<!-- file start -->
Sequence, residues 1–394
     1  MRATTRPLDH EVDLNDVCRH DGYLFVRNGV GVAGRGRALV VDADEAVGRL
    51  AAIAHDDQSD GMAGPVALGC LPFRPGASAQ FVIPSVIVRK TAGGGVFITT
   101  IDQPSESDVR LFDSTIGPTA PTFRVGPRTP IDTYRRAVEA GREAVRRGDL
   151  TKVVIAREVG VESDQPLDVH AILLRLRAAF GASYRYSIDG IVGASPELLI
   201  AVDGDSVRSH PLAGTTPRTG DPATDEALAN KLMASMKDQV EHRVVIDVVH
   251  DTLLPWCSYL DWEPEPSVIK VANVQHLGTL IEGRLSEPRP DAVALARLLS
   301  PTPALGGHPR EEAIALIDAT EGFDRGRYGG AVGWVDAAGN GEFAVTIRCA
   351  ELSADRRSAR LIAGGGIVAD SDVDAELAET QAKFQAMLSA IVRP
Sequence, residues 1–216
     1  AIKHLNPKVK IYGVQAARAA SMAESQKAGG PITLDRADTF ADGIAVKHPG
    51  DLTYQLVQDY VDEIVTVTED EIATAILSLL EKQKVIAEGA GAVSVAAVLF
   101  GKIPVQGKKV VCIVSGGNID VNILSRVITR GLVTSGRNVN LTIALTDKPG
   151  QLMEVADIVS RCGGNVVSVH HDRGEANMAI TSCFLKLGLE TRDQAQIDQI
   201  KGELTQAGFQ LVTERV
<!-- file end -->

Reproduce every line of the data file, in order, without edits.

Sequence, residues 1–394
     1  MRATTRPLDH EVDLNDVCRH DGYLFVRNGV GVAGRGRALV VDADEAVGRL
    51  AAIAHDDQSD GMAGPVALGC LPFRPGASAQ FVIPSVIVRK TAGGGVFITT
   101  IDQPSESDVR LFDSTIGPTA PTFRVGPRTP IDTYRRAVEA GREAVRRGDL
   151  TKVVIAREVG VESDQPLDVH AILLRLRAAF GASYRYSIDG IVGASPELLI
   201  AVDGDSVRSH PLAGTTPRTG DPATDEALAN KLMASMKDQV EHRVVIDVVH
   251  DTLLPWCSYL DWEPEPSVIK VANVQHLGTL IEGRLSEPRP DAVALARLLS
   301  PTPALGGHPR EEAIALIDAT EGFDRGRYGG AVGWVDAAGN GEFAVTIRCA
   351  ELSADRRSAR LIAGGGIVAD SDVDAELAET QAKFQAMLSA IVRP
Sequence, residues 1–216
     1  AIKHLNPKVK IYGVQAARAA SMAESQKAGG PITLDRADTF ADGIAVKHPG
    51  DLTYQLVQDY VDEIVTVTED EIATAILSLL EKQKVIAEGA GAVSVAAVLF
   101  GKIPVQGKKV VCIVSGGNID VNILSRVITR GLVTSGRNVN LTIALTDKPG
   151  QLMEVADIVS RCGGNVVSVH HDRGEANMAI TSCFLKLGLE TRDQAQIDQI
   201  KGELTQAGFQ LVTERV